Diabetic mastopathy (DMP) is a breast-related complication of type 1 or type 2 insulin-dependent diabetes mellitus (IDDM). It manifests as hard, fibrous, and painless masses in one breast or both breasts. These masses are benign and irregular in shape. Interestingly, this condition is also seen in men.
Clinical findings in DMP are mostly inconclusive. The masses seen in DMP are large and painless and not easily distinguishable from those seen in breast carcinomas. It is commonly present in both breasts, especially during end stage of disease. It is also usually accompanied by other complications of chronic diabetes mellitus. Identifying this condition precisely and differentiating it from carcinoma is critical for avoiding unnecessary surgical procedures.
Pathologists need to be very careful during diagnosis of DMP as it is easy to misdiagnose and it can recur after some time. As DMP masses look similar to those in breast carcinoma, pathologists and radiologists should be able to differentiate between the two. A correct diagnosis can save patients from unwanted surgical biopsies. No evidence exists to suggest that DMP leads to breast cancer or stromal neoplastic diseases.
Symptoms of DMP vary largely in terms of intensity from one person to another. Symptoms usually occur shortly before the beginning of a menstrual cycle or during the premenstrual syndrome.
The most common symptoms of DMP include the following:
DMP is a form of stromal fibrosis and lymphocytic mastitis. Fibrosis and infiltrate containing predominantly B-cell lymphocytes are seen around the ducts, vessels, and lobules.
The exact pathogenesis of DMP is not fully understood yet and there are likely multiple factors in play that cause an immunological reaction. DMP is treated as a type of lymphocytic mastitis and is included in the category of other immunologic breast conditions such as Sjogren's syndrome, systemic lupus erythematosus, and Hashimoto thyroiditis.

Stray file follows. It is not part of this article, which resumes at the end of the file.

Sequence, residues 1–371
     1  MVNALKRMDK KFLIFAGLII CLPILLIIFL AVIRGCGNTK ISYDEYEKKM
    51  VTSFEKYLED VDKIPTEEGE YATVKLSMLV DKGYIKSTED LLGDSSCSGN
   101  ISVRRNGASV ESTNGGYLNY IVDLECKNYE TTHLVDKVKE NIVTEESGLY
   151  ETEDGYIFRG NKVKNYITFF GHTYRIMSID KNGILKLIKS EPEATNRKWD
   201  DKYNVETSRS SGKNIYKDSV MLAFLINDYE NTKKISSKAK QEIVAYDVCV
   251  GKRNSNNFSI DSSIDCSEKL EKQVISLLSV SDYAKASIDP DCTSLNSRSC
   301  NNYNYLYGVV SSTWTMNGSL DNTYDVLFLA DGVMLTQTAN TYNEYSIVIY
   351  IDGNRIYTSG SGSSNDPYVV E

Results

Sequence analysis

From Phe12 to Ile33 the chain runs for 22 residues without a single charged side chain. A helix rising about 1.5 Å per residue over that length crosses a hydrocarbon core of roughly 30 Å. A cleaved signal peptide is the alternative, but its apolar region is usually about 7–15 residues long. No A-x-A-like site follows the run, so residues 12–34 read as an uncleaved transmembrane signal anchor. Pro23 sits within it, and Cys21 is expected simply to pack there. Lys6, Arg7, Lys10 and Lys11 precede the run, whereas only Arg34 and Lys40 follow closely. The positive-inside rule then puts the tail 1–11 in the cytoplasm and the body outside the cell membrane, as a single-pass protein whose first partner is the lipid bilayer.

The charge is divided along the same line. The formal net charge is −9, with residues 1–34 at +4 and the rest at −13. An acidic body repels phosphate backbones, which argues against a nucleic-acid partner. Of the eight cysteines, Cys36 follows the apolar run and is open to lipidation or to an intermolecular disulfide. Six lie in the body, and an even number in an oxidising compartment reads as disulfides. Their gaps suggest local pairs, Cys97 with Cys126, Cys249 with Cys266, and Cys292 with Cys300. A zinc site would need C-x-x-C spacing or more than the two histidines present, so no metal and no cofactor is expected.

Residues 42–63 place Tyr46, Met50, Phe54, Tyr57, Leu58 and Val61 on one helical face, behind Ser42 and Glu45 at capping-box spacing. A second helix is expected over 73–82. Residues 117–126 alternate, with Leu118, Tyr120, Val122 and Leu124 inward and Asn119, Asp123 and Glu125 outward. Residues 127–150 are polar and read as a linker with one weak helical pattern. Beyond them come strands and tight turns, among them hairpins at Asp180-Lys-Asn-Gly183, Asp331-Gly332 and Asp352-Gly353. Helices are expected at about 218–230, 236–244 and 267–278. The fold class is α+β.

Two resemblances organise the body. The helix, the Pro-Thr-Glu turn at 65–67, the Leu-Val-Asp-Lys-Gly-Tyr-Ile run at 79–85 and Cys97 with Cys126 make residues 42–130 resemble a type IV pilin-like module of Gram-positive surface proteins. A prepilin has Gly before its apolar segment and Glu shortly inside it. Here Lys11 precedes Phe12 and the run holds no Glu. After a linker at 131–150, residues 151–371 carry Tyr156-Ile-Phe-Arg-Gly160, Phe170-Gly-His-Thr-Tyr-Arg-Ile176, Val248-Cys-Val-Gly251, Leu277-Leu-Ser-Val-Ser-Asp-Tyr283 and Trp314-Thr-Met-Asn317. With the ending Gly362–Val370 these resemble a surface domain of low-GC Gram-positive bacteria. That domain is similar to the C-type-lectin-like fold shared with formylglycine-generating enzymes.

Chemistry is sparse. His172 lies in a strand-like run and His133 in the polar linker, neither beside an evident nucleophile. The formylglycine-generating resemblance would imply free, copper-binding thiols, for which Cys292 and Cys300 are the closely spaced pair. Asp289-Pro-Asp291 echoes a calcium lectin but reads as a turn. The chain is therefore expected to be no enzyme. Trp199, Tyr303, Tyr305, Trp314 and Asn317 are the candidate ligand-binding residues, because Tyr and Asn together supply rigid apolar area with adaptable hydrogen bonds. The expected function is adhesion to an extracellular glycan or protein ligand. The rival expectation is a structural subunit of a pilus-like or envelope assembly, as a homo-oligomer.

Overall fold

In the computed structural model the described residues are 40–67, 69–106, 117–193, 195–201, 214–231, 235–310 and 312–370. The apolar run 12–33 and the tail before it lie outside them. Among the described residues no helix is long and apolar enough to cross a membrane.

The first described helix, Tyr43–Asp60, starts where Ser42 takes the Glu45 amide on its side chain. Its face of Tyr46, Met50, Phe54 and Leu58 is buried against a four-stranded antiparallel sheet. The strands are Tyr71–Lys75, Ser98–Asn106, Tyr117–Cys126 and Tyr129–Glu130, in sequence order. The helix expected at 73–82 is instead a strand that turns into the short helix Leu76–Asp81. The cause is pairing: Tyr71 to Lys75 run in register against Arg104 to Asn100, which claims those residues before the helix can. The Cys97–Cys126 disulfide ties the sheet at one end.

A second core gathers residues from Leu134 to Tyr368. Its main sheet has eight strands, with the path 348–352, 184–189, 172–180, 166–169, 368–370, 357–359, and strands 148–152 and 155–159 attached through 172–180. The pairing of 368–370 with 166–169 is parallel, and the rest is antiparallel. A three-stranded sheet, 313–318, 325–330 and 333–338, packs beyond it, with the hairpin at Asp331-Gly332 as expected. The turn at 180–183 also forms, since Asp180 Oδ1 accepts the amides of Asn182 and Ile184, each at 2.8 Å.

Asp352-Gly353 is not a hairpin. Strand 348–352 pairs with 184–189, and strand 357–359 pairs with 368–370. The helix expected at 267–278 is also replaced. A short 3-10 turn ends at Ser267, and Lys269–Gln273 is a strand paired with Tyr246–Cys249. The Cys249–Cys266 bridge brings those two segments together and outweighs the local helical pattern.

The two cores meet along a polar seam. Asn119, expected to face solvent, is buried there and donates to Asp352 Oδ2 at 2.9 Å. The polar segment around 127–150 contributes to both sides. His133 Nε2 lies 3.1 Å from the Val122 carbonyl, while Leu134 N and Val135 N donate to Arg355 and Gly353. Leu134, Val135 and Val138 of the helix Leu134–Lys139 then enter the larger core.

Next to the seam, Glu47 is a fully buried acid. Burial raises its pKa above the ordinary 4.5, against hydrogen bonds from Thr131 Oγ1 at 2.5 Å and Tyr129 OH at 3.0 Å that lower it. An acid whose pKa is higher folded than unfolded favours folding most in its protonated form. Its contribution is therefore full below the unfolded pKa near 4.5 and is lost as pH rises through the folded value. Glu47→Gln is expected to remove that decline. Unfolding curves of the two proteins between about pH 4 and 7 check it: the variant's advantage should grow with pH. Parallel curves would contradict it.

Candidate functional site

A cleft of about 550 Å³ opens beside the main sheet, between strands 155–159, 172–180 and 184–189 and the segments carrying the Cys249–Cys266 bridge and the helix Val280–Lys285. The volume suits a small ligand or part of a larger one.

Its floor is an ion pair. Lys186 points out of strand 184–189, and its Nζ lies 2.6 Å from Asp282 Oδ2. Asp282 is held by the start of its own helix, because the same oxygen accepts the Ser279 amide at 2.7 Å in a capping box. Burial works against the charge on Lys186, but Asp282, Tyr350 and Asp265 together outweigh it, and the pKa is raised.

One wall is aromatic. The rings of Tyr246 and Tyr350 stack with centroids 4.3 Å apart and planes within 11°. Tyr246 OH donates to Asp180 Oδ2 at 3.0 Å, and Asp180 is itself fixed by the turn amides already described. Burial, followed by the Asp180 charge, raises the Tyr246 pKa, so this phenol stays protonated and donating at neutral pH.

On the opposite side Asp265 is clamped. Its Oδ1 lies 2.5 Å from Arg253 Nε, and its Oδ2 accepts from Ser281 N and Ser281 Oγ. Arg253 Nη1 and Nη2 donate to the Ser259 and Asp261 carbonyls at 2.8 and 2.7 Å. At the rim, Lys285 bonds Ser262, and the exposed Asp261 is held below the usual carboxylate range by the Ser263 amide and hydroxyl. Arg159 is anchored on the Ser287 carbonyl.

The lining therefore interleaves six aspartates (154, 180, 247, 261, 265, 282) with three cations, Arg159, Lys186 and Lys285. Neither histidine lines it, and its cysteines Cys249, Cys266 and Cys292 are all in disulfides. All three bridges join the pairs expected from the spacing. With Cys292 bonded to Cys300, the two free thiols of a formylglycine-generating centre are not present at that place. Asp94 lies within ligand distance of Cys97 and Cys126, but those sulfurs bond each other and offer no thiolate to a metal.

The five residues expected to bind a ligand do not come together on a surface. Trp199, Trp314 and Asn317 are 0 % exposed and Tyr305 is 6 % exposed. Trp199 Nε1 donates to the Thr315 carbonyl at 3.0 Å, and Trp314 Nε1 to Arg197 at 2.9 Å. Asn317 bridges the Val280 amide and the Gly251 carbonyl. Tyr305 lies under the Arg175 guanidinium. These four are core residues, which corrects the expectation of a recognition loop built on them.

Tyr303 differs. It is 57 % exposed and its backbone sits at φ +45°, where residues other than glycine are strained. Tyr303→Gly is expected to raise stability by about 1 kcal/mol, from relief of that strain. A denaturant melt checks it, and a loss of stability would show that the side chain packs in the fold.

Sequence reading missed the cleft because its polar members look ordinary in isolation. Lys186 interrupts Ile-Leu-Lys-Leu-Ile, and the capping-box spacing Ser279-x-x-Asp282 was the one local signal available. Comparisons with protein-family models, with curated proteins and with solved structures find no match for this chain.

The precise cause behind DMP is still unknown. The condition is considered to be a type of auto-immune reaction. Some theories propose that exogenous insulin can cause an inflammatory or immunologic reaction which can lead to the development of tumors seen in DMP.
They can also be a result of the expansion of extra cellular matrix as a result of increase in production and decrease in degradation of collagen. This happens in the connective tissues sometimes due to hyperglycemia.
DMP has been found to be more common in type I diabetes mellitus than in type II diabetes mellitus. Some studies report that certain features of DMP are similar to that of autoimmune diseases such as thyroiditis. Despite many published reports on this condition in pathology, and radiology-related literature, DMP is poorly diagnosed because routine breast examinations are rare in young diabetic patients.
Both imaging and physical examinations fail to provide clear cut evidence that can distinguish DMP from breast cancer. In some cases with a strong clinical history and high possibility of DMP, a core biopsy guided by an ultrasound was shown to help in initial diagnosis.